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Evolution of 'new' media.

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The advancement of technology has transformed dramatically in the 21st centaury and affects every aspect of our everyday lives. With the comparison of a South African example of 'traditional' and 'new' media products, in the form of the print and the on-line news providers of the 'Mail & Guardian' news product, this essay seeks to evaluate the implications of the development of 'new' media, and its affects on the likes of 'traditional' news products. Before delving into the issue of the impact that 'new' media has on 'traditional' media, it is important to define these two terms. 'Traditional ' media is commonly seen in the form of radio, television and print (newspapers). Each are separate entities and are independent of each other. They do not rely on each other for existence and do not influence each other in any way. As the term, 'traditional' media, is an incredibly broad term, it is difficult to give a precise definition for it. Rather, it is in contrast to the concept of 'new' media that a fitting definition for the term 'traditional' media is formed. Print media, in the form of the "Mail & Guardian" newspaper, is a South African example of 'traditional' media. The term 'new' media refers to the forms of media content that "combine and integrate data, text, sound and images of all kinds"(Flew, 2003: 10). ...read more.


Here again the advantages of 'new' media are highlighted. The likes of 'traditional' print media are also limited by space, resulting in the actual content to be limited. Thus in 'traditional' print media, only selected articles feature in the news. On the other hand, 'new' media, in the form of on-line articles, tend to contain more in-depth articles, as well as provide additional information on related topics in the form of "layered journalism" (Dessaucer, 2004: 125). This idea of "layered journalism", utilizes the feature of "hyperlinks" (Flew, 2003: 15). As explained earlier, "hyperlinks" provide the reader with "links to other related information, including past stories, multimedia features and links to other websites that offer primary source information" on a specific subject (Dessaucer, 2004: 124). The advantage of this is that the reader is provided insight into specific topics, without much effort and without actively having to search for it. Limitations to 'traditional' media are found in the area of interactivity. Person-to-person interactivity in 'traditional' media is extremely limited in comparison to that of 'new' media forms, which both facilitates and stimulates interactivity on all levels. "Internet usage involves person-to-person communications, group communication...through electronic mail (email), news groups, chat rooms, mailing lists and the World Wide Web" (Flew, 2003: 12). This increased interactivity, stimulated by 'new' media, allows the reader to assume a more active role rather than a passive one. ...read more.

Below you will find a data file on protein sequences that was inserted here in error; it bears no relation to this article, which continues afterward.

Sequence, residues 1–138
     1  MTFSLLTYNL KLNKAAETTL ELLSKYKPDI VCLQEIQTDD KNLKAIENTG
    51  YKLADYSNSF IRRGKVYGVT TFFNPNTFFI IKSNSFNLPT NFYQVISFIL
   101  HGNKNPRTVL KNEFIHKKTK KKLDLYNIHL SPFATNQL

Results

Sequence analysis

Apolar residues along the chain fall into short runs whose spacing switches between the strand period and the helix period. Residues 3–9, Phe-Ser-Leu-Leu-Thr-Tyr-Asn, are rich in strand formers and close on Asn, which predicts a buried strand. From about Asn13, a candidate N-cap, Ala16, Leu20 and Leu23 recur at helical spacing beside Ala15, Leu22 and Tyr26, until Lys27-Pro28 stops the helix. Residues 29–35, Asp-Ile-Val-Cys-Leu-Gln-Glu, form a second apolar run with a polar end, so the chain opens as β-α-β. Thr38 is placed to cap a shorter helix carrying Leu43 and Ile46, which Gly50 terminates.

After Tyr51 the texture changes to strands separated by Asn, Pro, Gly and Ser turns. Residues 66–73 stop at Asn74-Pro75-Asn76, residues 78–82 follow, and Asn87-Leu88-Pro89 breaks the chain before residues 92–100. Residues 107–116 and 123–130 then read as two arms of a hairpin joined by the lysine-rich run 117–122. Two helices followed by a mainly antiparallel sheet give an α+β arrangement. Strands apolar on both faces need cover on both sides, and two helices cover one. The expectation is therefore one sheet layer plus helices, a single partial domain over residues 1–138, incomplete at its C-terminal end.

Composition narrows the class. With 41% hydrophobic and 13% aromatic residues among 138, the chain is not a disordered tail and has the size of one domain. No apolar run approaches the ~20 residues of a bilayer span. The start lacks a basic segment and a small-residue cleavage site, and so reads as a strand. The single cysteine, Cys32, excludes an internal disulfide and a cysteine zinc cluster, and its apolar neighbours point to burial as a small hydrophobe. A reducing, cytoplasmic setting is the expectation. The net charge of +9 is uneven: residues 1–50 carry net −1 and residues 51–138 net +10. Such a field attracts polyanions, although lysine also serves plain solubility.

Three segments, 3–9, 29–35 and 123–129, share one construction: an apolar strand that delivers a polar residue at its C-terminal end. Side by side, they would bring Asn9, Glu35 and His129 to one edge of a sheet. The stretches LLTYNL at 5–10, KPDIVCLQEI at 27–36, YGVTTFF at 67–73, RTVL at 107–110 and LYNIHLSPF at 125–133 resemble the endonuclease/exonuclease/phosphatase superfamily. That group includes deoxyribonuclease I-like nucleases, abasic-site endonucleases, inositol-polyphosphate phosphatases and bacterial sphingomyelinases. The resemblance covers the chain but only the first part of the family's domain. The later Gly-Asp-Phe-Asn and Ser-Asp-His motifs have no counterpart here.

The fact that the reader is partaking in various activities at once highlights the fact that "the focus of attention has the tendency to move at an alarming rate" (Steemers, 1999: 233). Conclusion: As technology continues to advance and 'new' media continues to assume an ever-increasing influence in the media industry, it seems inevitable that 'traditional' media will slowly be phased out of existence and in fact evolves into what is known as 'new' media. However, in as much as 'new' media is seemingly the way of the future and provides seemingly endless opportunities for its users, it only focuses on a niche market, leaving behind the poorer third world communities. Until such a time that access, infrastructure and education about 'new' media are made affordable and available to these poorer communities worldwide, print media and 'traditional' media, it seems, will continue to exist. Rather than suffocating it into extinction, it is likely that 'traditional' media and 'new' media will exist side by side for a long time to come. . REFERENCE LIST * Dessaucer, C. 2004. New Media, Internet News and News Habit. In Howard, P and Jones, S (ed), Society Online, London: Sage, 121-136. * Flew, T.2003. New Media: An Introduction. Oxford: Oxford University Press. * Steemers, J. 1999. Broadcasting is dead. Long live digital choice. In Mackay, H and O'Sullivan, T (ed), The Media Reader. London: Sage, 231-249. ...read more.

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